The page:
Massachusetts legislators are expected to vote Wednesday to put the so-called millionaire’s tax on the 2018 election ballot. A new report from a well-respected fiscal watchdog group warns the proposal to raise taxes on the rich to bring in more revenue could backfire.
The proposed amendment to the Massachusetts Constitution would put an additional 4 percent tax on annual incomes topping $1 million. Advocates say it would bring in an additional $1.9 billion a year to spend on transportation and education. And, fewer than 20,000 people would be affected by the higher tax rate.
It sounds like an appealing idea, until you dig deeper, according to Eileen McAnneny, President of the Massachusetts Taxpayers Foundation.
" There are lots of fiscal implications to this question we really think should be answered," she said in an interview Tuesday.
An analysis of the tax proposal by the business-backed think tank warns that if the income surtax becomes law, the highest income taxpayers in Massachusetts would have “substantial incentive” to move out of state.
The foundation’s report delivered to legislators two days before the scheduled vote said that if just one-third of the 900 state taxpayers who make more than $10 million a year were to leave the state, projected revenue would drop by $750 million.
McAnneny argues that even if the proponents’ revenue projections from the millionaire’s tax come true it would not solve the problems with the state budget that have plagued Beacon Hill for years.
" The legislature could not allocate the money presently going to transportation and education so there would not be net new revenue going to those spending areas," said McEnneny.
Another big point made by the foundation is that the tax could not easily be repealed if it proves to be bad policy.
"It is very difficult to change the constitution by design, so if there are problems with this new tax increase the legislature does not have the ability to change it," warned McAnneny.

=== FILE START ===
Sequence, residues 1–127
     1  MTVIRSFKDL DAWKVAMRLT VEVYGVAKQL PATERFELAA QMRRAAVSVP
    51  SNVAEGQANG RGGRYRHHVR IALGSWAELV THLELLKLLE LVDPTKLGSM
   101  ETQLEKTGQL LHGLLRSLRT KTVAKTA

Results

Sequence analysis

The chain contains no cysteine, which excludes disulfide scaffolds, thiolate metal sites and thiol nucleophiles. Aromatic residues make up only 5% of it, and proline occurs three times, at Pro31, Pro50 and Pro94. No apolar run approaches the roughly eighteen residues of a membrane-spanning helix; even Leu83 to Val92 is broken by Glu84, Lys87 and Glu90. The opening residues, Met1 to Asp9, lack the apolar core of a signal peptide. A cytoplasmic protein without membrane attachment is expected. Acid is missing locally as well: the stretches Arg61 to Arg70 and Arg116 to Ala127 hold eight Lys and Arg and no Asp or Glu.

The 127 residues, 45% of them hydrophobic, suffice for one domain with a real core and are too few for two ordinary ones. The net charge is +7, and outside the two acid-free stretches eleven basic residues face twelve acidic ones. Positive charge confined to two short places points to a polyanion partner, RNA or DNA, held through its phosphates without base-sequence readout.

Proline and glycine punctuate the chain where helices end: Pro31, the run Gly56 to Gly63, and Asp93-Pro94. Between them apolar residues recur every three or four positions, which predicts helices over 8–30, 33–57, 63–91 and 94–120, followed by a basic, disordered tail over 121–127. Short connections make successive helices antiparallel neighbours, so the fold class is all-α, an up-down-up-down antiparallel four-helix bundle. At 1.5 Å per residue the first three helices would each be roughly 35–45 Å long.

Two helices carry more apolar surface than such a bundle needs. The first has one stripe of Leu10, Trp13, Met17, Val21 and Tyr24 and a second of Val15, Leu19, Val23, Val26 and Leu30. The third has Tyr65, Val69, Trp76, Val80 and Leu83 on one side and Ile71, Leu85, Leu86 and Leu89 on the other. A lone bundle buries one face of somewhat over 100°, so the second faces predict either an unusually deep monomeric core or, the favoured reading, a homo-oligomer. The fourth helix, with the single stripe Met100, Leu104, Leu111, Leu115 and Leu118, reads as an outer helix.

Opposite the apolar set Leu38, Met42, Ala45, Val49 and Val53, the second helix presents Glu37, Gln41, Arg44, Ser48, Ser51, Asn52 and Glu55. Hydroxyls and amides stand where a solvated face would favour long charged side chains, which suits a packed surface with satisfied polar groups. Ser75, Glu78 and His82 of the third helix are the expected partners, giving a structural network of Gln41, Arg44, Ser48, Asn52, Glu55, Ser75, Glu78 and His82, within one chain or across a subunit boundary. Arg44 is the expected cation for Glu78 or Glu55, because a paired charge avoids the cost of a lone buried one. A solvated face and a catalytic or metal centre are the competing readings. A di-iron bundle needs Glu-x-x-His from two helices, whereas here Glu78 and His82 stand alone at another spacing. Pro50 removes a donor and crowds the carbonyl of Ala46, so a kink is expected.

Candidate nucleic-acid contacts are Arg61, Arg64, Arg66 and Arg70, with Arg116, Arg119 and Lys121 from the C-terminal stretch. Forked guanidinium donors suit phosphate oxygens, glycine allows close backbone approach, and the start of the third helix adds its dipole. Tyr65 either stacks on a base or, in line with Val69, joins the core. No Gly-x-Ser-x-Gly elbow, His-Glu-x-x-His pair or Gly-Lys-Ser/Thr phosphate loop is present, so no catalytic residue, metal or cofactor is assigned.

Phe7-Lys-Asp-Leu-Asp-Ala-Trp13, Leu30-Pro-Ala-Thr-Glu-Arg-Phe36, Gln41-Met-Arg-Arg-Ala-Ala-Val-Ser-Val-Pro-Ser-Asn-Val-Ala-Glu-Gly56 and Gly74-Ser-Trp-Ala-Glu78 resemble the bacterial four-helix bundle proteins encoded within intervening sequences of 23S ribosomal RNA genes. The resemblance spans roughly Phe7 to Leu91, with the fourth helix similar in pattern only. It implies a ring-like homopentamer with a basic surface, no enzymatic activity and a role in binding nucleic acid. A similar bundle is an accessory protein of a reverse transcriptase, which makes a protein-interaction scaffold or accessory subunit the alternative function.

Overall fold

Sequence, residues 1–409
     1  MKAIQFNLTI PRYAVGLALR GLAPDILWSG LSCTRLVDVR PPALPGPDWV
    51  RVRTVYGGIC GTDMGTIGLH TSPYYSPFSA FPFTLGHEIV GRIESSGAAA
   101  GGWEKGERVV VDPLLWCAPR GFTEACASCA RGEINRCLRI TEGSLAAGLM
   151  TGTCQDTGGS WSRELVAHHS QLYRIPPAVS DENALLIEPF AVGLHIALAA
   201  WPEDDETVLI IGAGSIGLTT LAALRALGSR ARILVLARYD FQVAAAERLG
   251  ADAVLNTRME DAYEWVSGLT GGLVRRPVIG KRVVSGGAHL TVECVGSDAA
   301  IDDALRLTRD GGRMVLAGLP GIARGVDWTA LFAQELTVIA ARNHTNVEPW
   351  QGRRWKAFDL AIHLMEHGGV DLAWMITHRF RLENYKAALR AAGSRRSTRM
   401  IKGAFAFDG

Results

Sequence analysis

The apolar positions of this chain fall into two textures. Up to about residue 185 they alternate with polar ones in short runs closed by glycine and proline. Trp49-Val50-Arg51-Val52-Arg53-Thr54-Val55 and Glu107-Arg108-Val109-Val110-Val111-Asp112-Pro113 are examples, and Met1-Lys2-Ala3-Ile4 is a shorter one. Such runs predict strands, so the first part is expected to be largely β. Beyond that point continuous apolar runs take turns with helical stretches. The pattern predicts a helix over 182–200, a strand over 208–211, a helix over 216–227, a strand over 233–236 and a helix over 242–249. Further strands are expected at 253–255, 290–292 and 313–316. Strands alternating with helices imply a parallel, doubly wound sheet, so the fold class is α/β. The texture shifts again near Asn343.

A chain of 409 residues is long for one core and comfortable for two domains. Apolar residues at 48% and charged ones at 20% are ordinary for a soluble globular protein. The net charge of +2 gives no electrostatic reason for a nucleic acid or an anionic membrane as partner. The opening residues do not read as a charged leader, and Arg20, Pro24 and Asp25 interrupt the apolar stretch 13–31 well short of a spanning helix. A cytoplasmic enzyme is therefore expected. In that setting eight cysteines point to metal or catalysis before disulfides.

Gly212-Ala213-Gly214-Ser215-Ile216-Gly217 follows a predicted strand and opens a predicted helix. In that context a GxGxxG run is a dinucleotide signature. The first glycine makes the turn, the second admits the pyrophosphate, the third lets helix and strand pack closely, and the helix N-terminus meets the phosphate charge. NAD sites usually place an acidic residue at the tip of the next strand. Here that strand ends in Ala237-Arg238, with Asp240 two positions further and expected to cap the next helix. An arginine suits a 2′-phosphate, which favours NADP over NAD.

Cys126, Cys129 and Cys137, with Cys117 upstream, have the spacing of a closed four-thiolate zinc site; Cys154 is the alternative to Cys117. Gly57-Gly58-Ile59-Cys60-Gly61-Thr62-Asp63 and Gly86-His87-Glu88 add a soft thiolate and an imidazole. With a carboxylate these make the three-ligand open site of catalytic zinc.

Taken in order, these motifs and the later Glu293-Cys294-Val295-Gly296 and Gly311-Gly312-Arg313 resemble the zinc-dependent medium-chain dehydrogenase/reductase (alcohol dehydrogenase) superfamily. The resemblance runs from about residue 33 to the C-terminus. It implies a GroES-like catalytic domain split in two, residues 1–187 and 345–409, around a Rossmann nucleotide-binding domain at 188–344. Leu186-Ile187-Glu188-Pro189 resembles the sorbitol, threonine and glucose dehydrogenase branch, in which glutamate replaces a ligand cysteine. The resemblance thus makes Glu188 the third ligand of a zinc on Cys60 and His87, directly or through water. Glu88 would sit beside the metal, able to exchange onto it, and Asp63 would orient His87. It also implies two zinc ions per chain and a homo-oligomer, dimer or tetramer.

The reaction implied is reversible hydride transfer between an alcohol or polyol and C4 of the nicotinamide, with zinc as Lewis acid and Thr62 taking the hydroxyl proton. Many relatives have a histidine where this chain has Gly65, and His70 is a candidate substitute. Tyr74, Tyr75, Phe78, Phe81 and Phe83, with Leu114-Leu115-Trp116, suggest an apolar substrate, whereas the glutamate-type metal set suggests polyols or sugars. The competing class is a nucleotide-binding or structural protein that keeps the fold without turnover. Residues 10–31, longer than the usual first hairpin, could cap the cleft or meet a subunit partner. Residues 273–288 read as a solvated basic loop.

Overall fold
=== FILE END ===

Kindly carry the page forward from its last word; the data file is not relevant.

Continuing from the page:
Raise Up Massachusetts, the coalition of community organizations, religious groups, and labor unions that is behind the amendment, blasted the foundation’s analysis as “wrong on the law and wrong on the impact.” The group, in a statement, accused the foundation of deliberately trying to mislead legislators and the public.
Noah Berger, president of the left-leaning Massachusetts Budget and Policy Center, sided with Raise Up Massachusetts and said studies have shown that when other states like New York raised taxes on the wealthy it did not result in a mass exodus.
" The states that have strong high-wage economies are the states that have a well-educated workforce and if you can make investments to build that kind of workforce that, in the long run, is important for your economic strength," said Berger.
Berger said the proposed amendment would make the Massachusetts tax system fairer.
" Our highest income taxpayers actually pay the smallest percent of their income in state and local taxes," said Berger.
The legislature in a joint session in May 2016 voted 135-57 to advance the constitutional amendment. The initiative needs the approval of 50 legislators at Wednesday’s scheduled joint session to be placed on the November 2018 ballot.